I have no problem telling my non-audiophile family & friends about how such things as AC outlets or room treatments have a clear effect on the output and the enjoyment of my stereo—it’s informational to them. But cables? I won’t go there; AC outlets and room treatments are affordable, and I don’t feel ashamed trying to justify the $50 for an AC outlet or a couple of bills for a room full of highly visible (and thus justifiable, in their minds) insulation panels.
But I’d be ashamed of my fortune and largesse if I tried to justify the obscene prices some cable manufacturers charge. Value is relative to the purchaser but, regardless of affordability, in my neck of the woods, anything over $500 for a cable is getting pricey, prompting such question as if the money would be better served on vacation or my retirement account. But so long as there’s a market for high-end cables, and performance is in synch with price in the audiophile’s mind, people will continue to buy the expensive cable offerings out there. Myself included.
Cable manufacturers get a bad rep, in my opinion. It’s as though the engineering and R&D investments of the cable guys are not as applicable as it is to those of the tube amp manufacturers out there. Just as anyone with an amp cookbook can make a SET, anyone with a spool of wire can be a cable manufacturer, and somehow along the way all cable manufacturers got lumped together, with those charging more being the most insidious, the most evil. (Evil being companies creating products of such refinement and yet so expensive that you still end up buying regardless. The quality is commensurate with the MSRP and they are worth the price but just out of the reach of us. -Ed)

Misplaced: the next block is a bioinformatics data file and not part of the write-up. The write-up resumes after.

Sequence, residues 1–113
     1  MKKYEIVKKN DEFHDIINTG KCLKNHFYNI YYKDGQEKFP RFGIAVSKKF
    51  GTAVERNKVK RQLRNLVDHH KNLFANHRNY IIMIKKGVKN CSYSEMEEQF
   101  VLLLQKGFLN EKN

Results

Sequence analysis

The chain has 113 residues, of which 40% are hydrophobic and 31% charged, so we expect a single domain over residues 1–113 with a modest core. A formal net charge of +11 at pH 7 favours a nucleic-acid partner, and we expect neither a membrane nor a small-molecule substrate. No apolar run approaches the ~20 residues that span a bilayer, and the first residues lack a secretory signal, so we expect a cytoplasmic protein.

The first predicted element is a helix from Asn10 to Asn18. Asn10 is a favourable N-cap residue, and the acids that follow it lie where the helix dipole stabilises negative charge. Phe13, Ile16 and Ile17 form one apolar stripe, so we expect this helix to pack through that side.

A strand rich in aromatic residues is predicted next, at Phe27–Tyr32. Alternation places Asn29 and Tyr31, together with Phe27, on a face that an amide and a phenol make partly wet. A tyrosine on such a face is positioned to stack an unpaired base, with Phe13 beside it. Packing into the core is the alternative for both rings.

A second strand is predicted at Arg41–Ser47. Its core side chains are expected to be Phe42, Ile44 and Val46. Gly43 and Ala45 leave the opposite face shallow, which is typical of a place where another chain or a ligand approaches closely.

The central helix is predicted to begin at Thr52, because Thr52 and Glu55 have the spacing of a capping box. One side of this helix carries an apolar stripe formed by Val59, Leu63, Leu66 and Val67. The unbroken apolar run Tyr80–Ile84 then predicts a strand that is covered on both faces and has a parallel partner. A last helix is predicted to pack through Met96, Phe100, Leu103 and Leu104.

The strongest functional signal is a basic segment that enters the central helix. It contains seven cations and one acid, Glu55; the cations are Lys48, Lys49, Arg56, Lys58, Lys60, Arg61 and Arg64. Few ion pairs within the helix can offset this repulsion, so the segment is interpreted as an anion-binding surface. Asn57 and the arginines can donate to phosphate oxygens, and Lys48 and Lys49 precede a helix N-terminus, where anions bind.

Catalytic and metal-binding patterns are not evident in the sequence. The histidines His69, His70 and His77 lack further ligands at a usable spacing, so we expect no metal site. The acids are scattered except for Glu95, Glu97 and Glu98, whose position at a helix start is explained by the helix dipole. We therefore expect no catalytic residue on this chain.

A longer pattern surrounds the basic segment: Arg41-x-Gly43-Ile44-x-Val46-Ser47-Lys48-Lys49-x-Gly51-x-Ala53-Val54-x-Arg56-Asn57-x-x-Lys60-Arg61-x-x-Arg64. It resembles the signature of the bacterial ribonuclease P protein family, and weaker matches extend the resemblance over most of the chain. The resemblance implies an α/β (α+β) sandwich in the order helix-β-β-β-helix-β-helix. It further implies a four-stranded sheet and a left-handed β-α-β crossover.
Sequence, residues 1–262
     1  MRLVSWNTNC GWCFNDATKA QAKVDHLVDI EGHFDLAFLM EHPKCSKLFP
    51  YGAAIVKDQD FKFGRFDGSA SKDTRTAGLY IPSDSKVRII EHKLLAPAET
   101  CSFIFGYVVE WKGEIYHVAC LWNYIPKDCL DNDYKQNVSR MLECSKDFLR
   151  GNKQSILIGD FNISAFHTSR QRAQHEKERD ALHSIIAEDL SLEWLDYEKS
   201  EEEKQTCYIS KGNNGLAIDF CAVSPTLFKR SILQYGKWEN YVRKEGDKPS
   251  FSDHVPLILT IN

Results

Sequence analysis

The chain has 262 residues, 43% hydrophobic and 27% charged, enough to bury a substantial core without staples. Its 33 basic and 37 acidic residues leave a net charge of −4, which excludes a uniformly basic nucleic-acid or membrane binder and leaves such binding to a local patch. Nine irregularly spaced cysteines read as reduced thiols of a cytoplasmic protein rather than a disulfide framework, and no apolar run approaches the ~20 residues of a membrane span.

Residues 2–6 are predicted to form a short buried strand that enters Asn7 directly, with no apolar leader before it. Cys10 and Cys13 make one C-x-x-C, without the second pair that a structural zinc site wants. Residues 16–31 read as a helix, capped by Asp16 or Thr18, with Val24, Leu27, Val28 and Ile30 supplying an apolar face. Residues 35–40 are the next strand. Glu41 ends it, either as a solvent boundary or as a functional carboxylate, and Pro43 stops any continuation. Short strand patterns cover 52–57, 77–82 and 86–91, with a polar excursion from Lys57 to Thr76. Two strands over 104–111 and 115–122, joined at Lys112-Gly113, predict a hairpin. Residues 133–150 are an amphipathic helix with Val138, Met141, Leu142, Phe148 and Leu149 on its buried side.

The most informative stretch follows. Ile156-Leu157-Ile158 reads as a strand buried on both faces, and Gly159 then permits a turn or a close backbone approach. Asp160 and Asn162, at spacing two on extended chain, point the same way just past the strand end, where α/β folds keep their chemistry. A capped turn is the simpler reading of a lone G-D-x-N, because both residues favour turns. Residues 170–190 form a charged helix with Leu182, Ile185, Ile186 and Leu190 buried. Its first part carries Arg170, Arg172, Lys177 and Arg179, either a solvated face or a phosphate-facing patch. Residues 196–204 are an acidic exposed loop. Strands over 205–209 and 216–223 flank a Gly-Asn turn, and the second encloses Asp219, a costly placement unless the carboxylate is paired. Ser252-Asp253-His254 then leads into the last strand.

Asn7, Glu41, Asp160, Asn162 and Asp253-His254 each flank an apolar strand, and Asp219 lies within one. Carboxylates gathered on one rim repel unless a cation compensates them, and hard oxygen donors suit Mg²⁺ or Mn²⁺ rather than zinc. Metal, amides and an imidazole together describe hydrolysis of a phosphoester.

If there’s a head of the class for “Evil Cable Manufacturers,” then Transparent Audio has to be at the top of the list. Not only are their prices for some models more than new car money, but they also employ the secretive and suspicious looking network boxes for which they’re well known. I don’t know what’s in them, nor does anyone outside of Transparent. Unsurprisingly, even obsessive audiophiles have good sense enough not to cut open a pair of multi-thousand $$ cables to satisfy their curiosity. But those boxes do something, and the company has built a host of fans, much like the only other company to use network boxes, MIT, that are sworn believers in the product. Price be damned—the value is there to such people.
I’m not going to comment much on the product line, as 1) it’s confusing to me, and your dealer will know better than I, and 2) the website (www.transparentcable.com) is quite informative and I’d suggest you head there for further info. I will say that the fit & finish of the cables is exemplary, and despite their size and weight, they are very easy to snake around into the tightest of corners. The only downside to usability is the size of the network boxes, which have to be accommodated for when routing the speaker cables prior to connecting them up.
It takes a few hours for these cables to settle in, so don’t make initial judgments on them; but some overarching characteristics emerge with these cables that only become more pronounced as they settle in.
First and foremost amongst them is the bass, which takes on a physical, tactile and visceral character that is much like going from an underpowered tube amp to a solid-state beast that doubles current as impedance drops in half (the hallmark of good power supply design). Listening to “Cold Water” off of Tom Waits’ Mule Variations, I was struck by how much more visceral the performance was; the Transparent Reference SC’s built the foundation of the music with their portrayal of the depth & impact from the drums and the bass guitar, which greatly enhanced the believability of what I was hearing. And with the deep bass provided by a synthesizer as found on “Spoonful Weighs a Ton” by the Flaming Lips on Soft Bulletin, it not only extended further down the frequency spectrum, but now with much better pitch and definition. Simply, the bass performance of the Transparent Reference SC’s is unparalleled in my experience.